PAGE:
TSa Thomas.Sandlass-at-barco.com |Perl 6| wrote:

Daniel Ruoso wrote:
Not really... 'does' is a composition operation, 'realises' would be
just a type annotation that doesn't change the actual composition.

OK, but that is not in the spec yet. To me that is like the
proposed 'like' operator but with the programmer taking full
responsibility. Like reinterpret_cast in C++.

I've not gotten that far yet, but I do envision a way to test for conformance rather than mix-in to create conformance and change things around. There might be a more primitive operation for doing than than binding a capture to a signature.

I also envision that this can give the compiler information that it uses to make a cached dispatch table, but this is not visible to the user. It just means that declaring your types, even "duck types" will not only give compile-time checking but speed up calling for that variable.

But either the HOW, the WHAT or both of $fp have to change
which implies that $y === $fp can't remain true after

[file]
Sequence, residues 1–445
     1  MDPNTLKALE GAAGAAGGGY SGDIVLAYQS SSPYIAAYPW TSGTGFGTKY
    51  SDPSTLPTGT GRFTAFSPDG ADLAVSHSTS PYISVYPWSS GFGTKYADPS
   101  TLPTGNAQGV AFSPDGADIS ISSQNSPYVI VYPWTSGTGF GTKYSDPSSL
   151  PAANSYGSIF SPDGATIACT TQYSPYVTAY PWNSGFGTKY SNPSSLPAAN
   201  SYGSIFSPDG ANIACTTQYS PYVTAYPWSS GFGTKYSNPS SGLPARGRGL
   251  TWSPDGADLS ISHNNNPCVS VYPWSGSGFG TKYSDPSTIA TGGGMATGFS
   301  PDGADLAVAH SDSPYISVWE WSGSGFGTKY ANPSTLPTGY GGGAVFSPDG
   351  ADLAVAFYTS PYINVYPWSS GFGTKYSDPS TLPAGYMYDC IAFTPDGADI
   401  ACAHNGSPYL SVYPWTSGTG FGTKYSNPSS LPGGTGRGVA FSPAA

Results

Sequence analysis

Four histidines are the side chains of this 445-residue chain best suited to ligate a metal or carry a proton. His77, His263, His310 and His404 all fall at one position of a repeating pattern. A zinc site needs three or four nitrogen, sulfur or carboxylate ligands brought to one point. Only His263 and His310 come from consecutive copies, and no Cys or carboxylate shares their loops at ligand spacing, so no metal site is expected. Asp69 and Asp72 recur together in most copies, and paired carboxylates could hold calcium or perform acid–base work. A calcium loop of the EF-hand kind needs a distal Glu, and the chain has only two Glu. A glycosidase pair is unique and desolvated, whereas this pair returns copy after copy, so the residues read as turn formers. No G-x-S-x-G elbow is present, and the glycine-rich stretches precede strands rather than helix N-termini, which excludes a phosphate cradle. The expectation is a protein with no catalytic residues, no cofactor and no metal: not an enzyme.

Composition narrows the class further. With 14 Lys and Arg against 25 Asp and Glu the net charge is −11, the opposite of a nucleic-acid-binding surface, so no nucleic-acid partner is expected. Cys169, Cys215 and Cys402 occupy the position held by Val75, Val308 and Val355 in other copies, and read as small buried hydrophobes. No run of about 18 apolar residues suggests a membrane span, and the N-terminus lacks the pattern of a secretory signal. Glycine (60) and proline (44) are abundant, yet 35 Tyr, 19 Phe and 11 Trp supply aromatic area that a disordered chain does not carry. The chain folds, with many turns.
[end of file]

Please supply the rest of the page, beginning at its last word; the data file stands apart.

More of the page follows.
$fp does Point. BTW, an interesting question is if a typed
binding could become invalid:

  subset AntiPoint of Any where {not .^does(Point)}

  my AntiPoint $ap := $fp; # fine for now

  $fp does Point; # now $ap is bound to a Point which
                  # violates the AntiPoint constraint

It's not different than

   my Int $y = 5;
   subset X of Int where { $_ < 5 }
   my X $x := $y;

The subset is part of the type of the item container. You alias it to something which is a different type of container. How can such aliasing ever be other than non-variant to be correct, unless the alias is read-only?

That's no different than defining a symbol with container type MyTiedItem and then trying to alias it to a plain Scalar. Type mismatch in the := operation.


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